The Mango Bride by Marivi Soliven
Senora Concha sends her daughter Amparo into exile to San Francisco for disgracing the Manila society family. Amparo is close to finishing her college degree there. Now she’ll have to find an American community college if she wants to finish it. Her father has died and her distant mother won’t let her stay home.
Beverly’s mother died when she was 15. Ten years later she is still alone with only her aunt, a cook in a wealthy home in Manila. She is a server both for a restaurant and a catering company. She has to take a temporary leave from the catering company after accidentally spilling a drink on a guest. Her mother had promised her a better life. Perhaps there is a way for her through the Filipino Sweethearts dating company.
Amparo has settled into America and is now with a wonderful man, but thoughts of the Philippines stay with her. Her job is as a phone interpreter from Tagalog to English. She visits her uncle, Senora Concha’s brother, who was exiled to American around 30 years earlier. Although she keeps questioning him, he won’t tell her why he had to leave the Philippines.
Beverly has married and now lives in San Francisco in a small home. She and her pharmacist husband have a small daughter. Beverly dreams of herself visiting her aunt in Manila, wanting to show off her little girl.
Amparo and Beverly live within a few blocks of each other. They see each other at the park, then run into each other in the grocery store. When their worlds finally collide, old family secrets are finally learned.
In The Mango Bride, Marivi Soliven draws a lush picture of Manila in the late 1980’s, making it come to life in the high society homes and the crowded, much poorer neighborhoods.
Senora Concha and her contemporaries pity those Filipinos who move to America where no one has servants. The Senora has never cooked a meal or dusted a shelf in her life. Her three children were raised more by their cook then by herself. She tolerates her cheating husband because she doesn’t want to lose her place in society. She disdains those who are part of the working class in Manila and America.
When Ampora washes their dishes, cares for their home, or works as an interpreter, she dreams about the life she might have had. She still feels exiled and out of place even though she has now lived in America for seven years. At the same time, she is happy with Seamus wants a life with him. Beverly didn’t have a privileged life in Manila, so the American household doesn’t bother her. But the man she wrote love letters to and who came to the Philippines to marry her wasn’t the Prince Charming she imagined. While she doesn’t necessarily want to move back to Manila, she does long to visit with her daughter.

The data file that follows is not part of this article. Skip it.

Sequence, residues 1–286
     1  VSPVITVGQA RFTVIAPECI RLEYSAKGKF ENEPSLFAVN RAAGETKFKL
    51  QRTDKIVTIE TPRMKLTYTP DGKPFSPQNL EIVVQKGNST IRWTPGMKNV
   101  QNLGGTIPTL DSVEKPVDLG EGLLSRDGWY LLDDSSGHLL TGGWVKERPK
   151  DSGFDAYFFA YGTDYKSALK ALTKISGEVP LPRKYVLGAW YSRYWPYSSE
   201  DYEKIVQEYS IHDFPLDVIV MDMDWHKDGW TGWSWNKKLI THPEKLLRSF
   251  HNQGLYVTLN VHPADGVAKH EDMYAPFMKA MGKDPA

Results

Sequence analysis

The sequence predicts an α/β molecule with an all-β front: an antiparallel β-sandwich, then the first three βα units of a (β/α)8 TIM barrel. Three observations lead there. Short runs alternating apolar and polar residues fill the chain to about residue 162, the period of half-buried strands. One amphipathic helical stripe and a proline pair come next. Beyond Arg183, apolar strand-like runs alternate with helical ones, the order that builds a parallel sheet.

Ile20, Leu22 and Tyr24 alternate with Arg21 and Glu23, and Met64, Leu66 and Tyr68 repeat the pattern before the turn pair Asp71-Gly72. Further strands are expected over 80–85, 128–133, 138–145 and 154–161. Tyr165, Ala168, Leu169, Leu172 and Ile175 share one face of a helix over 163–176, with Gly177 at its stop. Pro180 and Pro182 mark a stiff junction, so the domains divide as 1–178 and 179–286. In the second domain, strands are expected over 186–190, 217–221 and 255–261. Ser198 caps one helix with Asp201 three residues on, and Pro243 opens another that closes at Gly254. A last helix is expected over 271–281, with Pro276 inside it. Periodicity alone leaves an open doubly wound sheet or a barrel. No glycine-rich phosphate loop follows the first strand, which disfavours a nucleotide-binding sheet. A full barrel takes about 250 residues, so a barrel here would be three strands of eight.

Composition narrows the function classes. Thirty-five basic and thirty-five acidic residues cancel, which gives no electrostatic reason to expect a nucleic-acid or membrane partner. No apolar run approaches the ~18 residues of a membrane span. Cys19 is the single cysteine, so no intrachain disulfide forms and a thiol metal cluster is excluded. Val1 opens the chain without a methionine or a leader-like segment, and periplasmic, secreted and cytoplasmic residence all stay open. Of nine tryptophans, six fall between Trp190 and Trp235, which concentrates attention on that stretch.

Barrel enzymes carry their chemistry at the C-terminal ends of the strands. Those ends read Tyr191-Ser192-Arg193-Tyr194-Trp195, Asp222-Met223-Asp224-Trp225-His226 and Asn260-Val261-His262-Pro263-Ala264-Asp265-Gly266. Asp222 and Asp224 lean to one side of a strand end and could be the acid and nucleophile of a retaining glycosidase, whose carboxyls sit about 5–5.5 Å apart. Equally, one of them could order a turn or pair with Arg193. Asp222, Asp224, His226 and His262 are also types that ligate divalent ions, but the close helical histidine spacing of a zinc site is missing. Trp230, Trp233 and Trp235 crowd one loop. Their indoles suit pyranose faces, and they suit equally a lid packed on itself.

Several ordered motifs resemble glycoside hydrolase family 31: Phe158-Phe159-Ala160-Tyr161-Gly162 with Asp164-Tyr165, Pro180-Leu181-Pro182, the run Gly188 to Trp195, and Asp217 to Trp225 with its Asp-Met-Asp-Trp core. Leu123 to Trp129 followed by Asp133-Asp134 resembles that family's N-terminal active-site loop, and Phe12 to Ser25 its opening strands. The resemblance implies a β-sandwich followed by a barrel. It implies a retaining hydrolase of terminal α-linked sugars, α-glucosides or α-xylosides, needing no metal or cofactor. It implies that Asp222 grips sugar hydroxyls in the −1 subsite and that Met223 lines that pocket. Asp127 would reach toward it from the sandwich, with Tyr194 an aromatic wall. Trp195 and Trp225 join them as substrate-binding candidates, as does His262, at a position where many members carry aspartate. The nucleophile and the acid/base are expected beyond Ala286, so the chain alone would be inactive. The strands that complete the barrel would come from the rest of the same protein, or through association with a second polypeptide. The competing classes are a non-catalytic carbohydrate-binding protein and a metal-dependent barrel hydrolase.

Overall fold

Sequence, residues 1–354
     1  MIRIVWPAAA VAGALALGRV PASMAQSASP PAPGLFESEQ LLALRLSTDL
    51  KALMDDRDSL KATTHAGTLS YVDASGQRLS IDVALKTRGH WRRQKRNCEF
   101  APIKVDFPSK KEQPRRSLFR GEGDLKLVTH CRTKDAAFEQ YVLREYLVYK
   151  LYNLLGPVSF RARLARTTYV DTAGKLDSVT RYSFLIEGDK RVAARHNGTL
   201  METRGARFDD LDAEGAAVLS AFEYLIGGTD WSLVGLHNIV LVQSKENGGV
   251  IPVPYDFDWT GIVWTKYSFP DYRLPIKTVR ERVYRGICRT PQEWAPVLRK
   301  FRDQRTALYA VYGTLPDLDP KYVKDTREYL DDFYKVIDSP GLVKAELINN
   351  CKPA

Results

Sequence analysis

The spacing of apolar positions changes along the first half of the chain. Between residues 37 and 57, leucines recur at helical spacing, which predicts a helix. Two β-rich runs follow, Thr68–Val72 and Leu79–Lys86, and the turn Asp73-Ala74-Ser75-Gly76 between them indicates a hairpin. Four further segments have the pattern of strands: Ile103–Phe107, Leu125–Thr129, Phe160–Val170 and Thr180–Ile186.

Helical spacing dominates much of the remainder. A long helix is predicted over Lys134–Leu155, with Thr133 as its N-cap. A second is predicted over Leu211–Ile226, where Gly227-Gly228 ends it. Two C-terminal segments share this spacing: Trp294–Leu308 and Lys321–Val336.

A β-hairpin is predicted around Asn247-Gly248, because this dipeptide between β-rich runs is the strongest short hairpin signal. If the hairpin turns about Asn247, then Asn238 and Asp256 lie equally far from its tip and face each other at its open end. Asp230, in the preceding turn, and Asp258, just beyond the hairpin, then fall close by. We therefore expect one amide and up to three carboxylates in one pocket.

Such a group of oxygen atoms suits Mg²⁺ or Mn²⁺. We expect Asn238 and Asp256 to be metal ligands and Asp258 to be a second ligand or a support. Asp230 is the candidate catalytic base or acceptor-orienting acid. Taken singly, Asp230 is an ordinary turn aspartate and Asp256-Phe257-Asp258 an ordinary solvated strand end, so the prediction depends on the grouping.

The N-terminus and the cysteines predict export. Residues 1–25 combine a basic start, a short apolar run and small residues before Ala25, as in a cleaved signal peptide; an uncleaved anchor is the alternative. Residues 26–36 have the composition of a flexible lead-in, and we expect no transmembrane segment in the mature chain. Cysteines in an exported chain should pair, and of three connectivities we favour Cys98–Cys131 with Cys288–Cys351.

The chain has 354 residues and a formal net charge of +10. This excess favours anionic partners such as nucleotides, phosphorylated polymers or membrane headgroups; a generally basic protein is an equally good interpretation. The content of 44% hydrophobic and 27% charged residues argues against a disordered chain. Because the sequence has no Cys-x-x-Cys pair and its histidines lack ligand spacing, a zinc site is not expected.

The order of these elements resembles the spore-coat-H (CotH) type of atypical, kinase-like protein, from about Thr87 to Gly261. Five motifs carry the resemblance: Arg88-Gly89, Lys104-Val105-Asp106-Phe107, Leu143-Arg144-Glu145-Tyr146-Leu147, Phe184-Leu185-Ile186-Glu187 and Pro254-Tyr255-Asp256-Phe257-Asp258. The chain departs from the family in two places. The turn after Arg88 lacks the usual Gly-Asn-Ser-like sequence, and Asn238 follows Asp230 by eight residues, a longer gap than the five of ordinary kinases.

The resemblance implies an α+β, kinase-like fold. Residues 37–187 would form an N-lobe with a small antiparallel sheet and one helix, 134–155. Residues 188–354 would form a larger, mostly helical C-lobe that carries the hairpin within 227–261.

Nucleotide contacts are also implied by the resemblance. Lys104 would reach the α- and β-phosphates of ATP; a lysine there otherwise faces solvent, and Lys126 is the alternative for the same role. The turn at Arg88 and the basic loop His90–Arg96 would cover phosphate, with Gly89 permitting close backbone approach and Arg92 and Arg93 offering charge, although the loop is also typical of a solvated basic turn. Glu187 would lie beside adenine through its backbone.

I liked most the descriptions of the Manila and Filipino culture. My biggest complaint about The Mango Bride is that Soliven doesn’t bring in Beverly’s character until about a third of the way into the novel. The book starts dramatically with an unexpected stabbing which leads into Amparo’s story. A major component of the book is the comparison and contrast of Amparo’s and Beverly’s lives in San Francisco.
Marivi Soliven combines numerous themes into The Mango Bride. Soliven winds together societal clashes, immigration, family disgrace, extra marital affairs, wife abuse, family ties, illicit love, and family secrets. She doesn’t dig deeply into any of her themes, yet they all impact the story and give texture to the novel. The characters aren’t real deep, but enough to keep the reader involved.
The Mango Bride illustrates the Filipino culture both in the Philippines and for the immigrants in America. It’s a revealing book.